Also, in python, if you use str(msg) on your message this will give you the YAML representation,
Dimitar Simeonov gravatar image Dimitar Simeonov  ( 2011-06-22 00:49:22 -0600 )edit

answered 2011-07-11 10:05:56 -0600

bsatzinger gravatar image

Hi, heres a python function which will convert a ros message object into an xml representation. It needs to be modified if you want to use a message with arrays, but it'll work for nested structures just fine.

def ros2xml(msg, name, depth=0):
xml = "";
tabs = "\t"*depth

if hasattr(msg, "_type"):
    type = msg._type
    xml = xml + tabs + "<" + name + " type=\"" + type + "\">\n"

        for slot in msg.__slots__:
            xml = xml + ros2xml(getattr(msg, slot), slot, depth=depth+1)
        xml = xml + tabs + str(msg)
    xml = xml + tabs + "</" + name + ">\n"
    xml = xml + tabs + "<" + name + ">" + str(msg) + "</" + name + ">\n"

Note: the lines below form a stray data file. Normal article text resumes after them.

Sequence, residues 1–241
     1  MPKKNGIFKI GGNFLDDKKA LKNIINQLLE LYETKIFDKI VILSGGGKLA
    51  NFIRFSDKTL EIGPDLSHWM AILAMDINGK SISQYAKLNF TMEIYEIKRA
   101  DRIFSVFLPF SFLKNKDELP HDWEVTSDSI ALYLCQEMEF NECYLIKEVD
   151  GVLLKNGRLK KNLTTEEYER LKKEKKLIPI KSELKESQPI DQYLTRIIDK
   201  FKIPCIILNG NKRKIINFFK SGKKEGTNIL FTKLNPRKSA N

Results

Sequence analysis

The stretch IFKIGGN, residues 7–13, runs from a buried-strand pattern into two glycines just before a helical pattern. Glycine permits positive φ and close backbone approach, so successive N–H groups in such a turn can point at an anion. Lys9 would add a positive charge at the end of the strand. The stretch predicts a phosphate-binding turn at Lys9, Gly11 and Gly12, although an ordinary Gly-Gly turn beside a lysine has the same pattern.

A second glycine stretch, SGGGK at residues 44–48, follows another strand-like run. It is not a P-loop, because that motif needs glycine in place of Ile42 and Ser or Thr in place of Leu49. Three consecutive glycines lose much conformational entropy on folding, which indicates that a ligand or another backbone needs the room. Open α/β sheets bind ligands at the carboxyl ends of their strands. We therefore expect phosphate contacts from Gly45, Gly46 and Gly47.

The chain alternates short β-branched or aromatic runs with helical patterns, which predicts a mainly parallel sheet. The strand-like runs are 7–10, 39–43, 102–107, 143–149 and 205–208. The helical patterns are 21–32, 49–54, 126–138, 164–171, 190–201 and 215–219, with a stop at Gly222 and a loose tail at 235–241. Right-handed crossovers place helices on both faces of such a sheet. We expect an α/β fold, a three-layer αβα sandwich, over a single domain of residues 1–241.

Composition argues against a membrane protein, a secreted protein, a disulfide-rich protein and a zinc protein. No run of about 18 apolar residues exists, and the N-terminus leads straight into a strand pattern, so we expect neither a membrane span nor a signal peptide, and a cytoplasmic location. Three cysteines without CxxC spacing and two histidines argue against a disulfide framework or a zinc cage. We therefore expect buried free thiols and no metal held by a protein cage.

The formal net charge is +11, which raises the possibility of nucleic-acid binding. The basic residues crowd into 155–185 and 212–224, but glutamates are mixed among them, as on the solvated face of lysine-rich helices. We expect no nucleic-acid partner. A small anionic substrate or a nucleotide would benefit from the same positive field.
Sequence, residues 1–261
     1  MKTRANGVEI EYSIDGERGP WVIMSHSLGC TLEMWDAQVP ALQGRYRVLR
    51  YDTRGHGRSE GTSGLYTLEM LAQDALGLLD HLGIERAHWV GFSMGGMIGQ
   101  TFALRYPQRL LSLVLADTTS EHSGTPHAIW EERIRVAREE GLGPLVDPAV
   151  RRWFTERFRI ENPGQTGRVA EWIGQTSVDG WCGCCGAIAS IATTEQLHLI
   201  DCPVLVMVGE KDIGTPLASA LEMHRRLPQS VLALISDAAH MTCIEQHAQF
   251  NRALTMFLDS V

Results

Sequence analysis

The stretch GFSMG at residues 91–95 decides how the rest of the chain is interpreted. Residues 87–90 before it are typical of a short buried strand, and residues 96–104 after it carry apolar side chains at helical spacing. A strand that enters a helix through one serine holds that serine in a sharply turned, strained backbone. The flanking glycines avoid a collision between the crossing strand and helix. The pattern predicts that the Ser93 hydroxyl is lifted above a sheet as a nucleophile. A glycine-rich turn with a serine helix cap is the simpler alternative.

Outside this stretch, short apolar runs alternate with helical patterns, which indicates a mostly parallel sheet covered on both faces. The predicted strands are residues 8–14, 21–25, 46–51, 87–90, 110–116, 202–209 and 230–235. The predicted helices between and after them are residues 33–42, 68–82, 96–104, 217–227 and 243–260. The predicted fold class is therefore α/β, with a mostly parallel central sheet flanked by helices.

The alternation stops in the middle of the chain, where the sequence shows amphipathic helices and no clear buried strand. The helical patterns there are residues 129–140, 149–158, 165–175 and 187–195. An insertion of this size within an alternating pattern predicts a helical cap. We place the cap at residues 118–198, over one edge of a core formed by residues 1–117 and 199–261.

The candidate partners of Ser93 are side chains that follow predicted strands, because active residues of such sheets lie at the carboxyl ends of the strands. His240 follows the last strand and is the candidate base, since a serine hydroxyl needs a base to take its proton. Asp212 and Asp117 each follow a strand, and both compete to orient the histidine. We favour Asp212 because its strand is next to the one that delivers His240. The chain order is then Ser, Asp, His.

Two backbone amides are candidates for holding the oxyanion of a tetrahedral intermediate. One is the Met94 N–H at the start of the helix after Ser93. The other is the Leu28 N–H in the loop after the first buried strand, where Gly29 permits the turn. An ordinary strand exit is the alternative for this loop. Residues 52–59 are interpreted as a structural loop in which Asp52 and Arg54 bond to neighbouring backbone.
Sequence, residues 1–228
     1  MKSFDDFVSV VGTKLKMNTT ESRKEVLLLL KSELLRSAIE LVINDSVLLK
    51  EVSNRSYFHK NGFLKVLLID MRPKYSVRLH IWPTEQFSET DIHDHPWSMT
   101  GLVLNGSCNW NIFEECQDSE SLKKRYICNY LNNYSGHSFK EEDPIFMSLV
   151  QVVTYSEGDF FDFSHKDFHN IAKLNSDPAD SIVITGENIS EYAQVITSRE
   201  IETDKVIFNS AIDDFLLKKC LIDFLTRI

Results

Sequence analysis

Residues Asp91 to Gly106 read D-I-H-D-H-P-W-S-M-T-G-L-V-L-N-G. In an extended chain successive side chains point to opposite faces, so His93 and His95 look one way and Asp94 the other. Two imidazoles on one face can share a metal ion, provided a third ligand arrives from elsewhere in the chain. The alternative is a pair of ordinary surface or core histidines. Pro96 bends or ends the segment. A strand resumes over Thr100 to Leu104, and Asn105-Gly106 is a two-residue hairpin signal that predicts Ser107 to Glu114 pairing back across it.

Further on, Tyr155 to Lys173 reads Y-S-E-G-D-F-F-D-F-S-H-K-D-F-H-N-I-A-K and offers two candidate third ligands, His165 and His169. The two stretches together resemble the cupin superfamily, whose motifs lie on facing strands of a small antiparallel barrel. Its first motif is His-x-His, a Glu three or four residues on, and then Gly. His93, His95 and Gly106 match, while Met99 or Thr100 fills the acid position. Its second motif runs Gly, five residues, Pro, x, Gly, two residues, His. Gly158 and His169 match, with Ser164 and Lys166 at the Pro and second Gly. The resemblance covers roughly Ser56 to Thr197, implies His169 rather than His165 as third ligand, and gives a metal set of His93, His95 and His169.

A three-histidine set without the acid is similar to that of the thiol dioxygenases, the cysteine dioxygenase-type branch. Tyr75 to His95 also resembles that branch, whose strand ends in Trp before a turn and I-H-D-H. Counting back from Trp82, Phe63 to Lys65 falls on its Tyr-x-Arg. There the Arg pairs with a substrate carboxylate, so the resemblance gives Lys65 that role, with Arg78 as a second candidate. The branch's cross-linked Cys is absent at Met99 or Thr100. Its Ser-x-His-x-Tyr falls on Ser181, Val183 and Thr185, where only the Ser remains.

return xml
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That's great mate, thank you! But I already coded something similar; when I decided to go with python all became clear and easy :)
pparescasellas gravatar image pparescasellas  ( 2011-08-08 20:59:50 -0600 )edit

answered 2011-08-25 04:42:07 -0600

joq gravatar image

Running rostopic echo will output messages in YAML format.

If YAML is not adequate, there must be tools for converting it into XML, etc.

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answered 2011-06-20 05:56:25 -0600

AFAIK there's not easy way. (But someone more knowledgeable than I might know)

"[H]ow can I easily parse ros messages in python to know all the names, values and types in a somewhat dynamic way."

You should probably be able to follow the code path of deserialize. Since deserialze needs to do all the things you're doing, you should (<-dangerous word here) be able to use the same way to get what you want.